Tim, Chris, Allan, John - Seven Generations
        For a good 7 years, I went to punk shows every weekend. Eventually I got pickier and chose the more political bands over others, and would travel for their shows. Some of my favorite groups promoted books called “Crimethinc,” which I was influenced heavily by and ended up on entire tours with Crimethinc-affiliated artists. The thing with those shows was that THOSE were my people. 

Me, Lauren Winship, Chicago, IL
Me, Pat Roberts, Reno, NV
Me, Chris Rouse, Tim Rusmisel - Seven Generations
        They weren’t just kids watching bands. Lyrics influenced lifestyles, and outside these shows you would talk with any one of these kids and be down to go hitchhike the country with them, or figure out a way get free food, or scam a mega-corporation, or protest a Ringling Brothers circus coming to town. 
Me, Chriztophe Shingleton, Petland Austin, TX

        They are the reason I moved to Portland. I was told about this wonderland of punks and train hopping and Food Not Bombs and bike culture and direct action that I 100% lived while I was there. 

        The rapidly-growing community of “my people” was thrilling, and made it really easy to become so confident in my far left views of the world. I wouldn’t read Noam Chomsky, Howard Zinn, and Derrick Jensen in vain. My friends could discuss these authors in-depth, and so we did. 

        I love being a part of this kind of community. I haven’t listened to punk music regularly since college. But baby I was SO into it. Who remembers the mohawks I’ve had? Insane? I sure hope you thought so. That was my goal in life! 

        I would say my politics are at least equally as radical as they were then. And this was when I was going to activist group meetings several nights a week and skipping entire weeks of school to sit-in or march or disrupt things we were campaigning against. 
Syracuse Animal Rights Organization
Me, Zac Wolfheart, Marissa Wolfheart, Portland, OR

        I don’t have a mohawk anymore. I look so mainstream it hurts sometimes. But with that being said, I wouldn’t be able to do crossfit with an 8 inch mohawk or my studded pleather jacket. I wouldn’t have gotten hired teaching in a public school, where I can reach a population of impressionable youth and steer them toward future peace and justice. I wouldn’t be able to do Vega demos. I wouldn’t be able to get “in” to all of the circles I am in, where people trust me, they believe me, and then when I share my opinions with them, I have much more of a chance getting across to them.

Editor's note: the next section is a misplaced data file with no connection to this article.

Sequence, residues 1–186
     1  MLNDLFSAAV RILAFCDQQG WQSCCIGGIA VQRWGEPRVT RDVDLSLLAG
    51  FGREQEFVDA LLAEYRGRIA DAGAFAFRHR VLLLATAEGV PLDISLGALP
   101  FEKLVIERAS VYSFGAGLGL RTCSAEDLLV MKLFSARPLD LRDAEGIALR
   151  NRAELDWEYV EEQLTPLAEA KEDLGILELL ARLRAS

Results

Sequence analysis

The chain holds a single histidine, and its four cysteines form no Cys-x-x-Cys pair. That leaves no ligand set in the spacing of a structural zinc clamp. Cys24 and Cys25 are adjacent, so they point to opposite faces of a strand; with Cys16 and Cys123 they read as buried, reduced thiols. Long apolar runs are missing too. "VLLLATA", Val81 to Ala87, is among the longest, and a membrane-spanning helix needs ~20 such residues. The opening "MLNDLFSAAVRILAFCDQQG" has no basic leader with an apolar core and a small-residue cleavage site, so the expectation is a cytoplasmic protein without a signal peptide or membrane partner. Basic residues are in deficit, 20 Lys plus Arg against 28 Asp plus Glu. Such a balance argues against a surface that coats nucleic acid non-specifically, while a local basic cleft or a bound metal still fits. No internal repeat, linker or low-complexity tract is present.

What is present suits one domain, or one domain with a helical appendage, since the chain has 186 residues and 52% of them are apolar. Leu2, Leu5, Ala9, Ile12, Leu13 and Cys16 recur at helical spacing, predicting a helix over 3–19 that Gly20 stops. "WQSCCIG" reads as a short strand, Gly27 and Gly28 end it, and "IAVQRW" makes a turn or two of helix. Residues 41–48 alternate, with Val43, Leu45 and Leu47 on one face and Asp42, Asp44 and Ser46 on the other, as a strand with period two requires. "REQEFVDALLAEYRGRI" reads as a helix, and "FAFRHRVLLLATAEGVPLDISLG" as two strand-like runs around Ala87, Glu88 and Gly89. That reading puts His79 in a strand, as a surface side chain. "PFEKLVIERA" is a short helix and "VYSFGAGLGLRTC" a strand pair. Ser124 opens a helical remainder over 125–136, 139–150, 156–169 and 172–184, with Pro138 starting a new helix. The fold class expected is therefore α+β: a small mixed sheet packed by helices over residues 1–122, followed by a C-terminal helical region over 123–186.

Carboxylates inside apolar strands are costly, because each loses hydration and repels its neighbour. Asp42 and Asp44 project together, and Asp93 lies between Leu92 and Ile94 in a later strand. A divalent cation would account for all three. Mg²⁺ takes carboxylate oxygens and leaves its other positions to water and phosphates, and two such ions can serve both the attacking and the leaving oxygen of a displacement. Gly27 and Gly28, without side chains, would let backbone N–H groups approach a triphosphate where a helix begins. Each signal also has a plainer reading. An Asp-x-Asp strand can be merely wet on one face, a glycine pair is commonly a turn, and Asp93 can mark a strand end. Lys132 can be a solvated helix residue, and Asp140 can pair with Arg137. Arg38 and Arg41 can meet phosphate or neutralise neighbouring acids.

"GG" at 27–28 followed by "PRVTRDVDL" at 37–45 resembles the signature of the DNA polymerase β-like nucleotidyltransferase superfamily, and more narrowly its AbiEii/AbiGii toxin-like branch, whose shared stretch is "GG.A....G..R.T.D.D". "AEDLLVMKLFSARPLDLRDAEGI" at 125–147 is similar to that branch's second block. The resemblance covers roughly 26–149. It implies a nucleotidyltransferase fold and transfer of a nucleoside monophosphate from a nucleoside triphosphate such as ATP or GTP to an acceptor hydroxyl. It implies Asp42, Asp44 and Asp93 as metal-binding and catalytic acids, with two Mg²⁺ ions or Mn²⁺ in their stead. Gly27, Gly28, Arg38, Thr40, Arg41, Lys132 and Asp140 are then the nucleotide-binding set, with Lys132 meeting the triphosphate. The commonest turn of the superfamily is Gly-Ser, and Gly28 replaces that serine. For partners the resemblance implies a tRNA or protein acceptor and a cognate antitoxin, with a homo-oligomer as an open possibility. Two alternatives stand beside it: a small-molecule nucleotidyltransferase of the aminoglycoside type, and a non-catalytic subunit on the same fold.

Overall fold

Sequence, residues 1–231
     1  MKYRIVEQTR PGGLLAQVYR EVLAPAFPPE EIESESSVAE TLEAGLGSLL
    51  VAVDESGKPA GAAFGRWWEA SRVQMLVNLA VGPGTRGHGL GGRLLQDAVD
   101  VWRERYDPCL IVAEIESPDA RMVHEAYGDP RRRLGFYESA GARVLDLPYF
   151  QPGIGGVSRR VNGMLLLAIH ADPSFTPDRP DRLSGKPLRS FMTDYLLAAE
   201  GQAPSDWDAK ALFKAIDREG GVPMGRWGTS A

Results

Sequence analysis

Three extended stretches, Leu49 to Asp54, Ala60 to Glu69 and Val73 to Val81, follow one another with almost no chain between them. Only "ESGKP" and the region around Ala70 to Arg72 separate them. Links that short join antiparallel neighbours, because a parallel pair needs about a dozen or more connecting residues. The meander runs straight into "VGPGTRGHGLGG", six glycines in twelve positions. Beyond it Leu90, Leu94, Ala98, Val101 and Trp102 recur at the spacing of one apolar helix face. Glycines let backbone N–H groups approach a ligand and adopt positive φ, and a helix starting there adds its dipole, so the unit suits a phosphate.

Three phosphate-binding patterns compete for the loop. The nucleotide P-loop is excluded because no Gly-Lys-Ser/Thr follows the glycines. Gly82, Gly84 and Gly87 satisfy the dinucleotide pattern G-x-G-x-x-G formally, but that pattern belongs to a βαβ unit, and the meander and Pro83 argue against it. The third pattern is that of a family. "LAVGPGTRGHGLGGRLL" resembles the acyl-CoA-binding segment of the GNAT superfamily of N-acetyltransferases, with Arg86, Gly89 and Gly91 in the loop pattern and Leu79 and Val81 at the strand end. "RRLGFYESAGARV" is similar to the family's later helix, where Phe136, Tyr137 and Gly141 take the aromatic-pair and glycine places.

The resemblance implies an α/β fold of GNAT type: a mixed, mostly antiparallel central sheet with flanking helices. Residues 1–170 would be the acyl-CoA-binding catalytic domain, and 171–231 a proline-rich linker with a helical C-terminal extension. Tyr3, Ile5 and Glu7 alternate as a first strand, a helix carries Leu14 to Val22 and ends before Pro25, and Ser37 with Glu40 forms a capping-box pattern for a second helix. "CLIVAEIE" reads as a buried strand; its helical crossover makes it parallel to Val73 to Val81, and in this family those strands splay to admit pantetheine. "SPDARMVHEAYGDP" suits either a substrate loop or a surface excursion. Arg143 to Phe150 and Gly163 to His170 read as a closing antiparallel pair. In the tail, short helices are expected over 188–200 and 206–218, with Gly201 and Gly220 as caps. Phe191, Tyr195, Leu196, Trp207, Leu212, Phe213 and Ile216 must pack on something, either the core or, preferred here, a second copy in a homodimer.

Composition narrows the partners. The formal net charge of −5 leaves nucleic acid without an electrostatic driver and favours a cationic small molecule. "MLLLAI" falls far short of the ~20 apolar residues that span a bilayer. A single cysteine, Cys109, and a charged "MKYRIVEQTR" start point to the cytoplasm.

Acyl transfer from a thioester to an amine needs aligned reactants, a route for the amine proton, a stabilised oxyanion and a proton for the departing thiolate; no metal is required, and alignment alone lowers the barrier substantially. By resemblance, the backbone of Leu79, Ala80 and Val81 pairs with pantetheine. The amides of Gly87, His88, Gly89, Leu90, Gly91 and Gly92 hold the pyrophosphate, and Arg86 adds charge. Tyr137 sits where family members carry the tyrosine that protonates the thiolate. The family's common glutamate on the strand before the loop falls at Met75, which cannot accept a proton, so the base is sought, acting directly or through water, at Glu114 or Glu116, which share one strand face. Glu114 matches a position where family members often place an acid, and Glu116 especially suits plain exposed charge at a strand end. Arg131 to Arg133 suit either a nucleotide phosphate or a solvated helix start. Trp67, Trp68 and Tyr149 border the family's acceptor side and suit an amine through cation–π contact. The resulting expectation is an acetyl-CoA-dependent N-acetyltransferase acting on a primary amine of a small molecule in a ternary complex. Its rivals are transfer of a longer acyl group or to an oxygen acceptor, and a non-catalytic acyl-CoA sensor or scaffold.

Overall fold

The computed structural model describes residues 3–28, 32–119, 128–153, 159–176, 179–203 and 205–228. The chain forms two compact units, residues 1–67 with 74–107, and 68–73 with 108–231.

PETA works to reach the mainstream and get across to
populations who would otherwise not hear our message
through the punk rock and hardcore scenes

        Has anyone seen the meme that was a dude asking a little kid “are you the only vegan in your family?” and the kid replying with “yes” and the last part of it was them hugging and crying together? That pretty much sums up how it feels to be in a place with your people- especially ethical vegans. Instead of the local punk/hardcore show being the place where we are unite, it's in the gym. I'm certainly not the only one who has evolved in such a way. 

Carolyn Napier, Holly Noll, Ed Bauer, Me, Kelly Green,
Allison Dunham, Sara Russert, Flexvx Crew 2014
(have way more in common than just our muscles)
        Team PlantBuilt members are very much into their physiques. That is the reason that this group of vegans came together as a team. Though after meeting up with them the past two years, I realize how consistent each of our compassionate lifestyles are when addressing other worldly issues (racism, police brutality, xenophobia, homophobia, drugs, oppressive religious views, etc).
        When we speak, we are at ease. When we eat, we share our meals. When we work, we work hard. When we hear about another war starting, we protest. We know who to trust, and for each other, remain forever true. After PlantBuilt 2014, a lot of us who still hold strong ended up at the all vegan Sweet Ritual. We took this picture to break the record of most years XVX combined to ever be in one place. These are the faces of the people I truly feel at home/at ease with nowadays. Much love.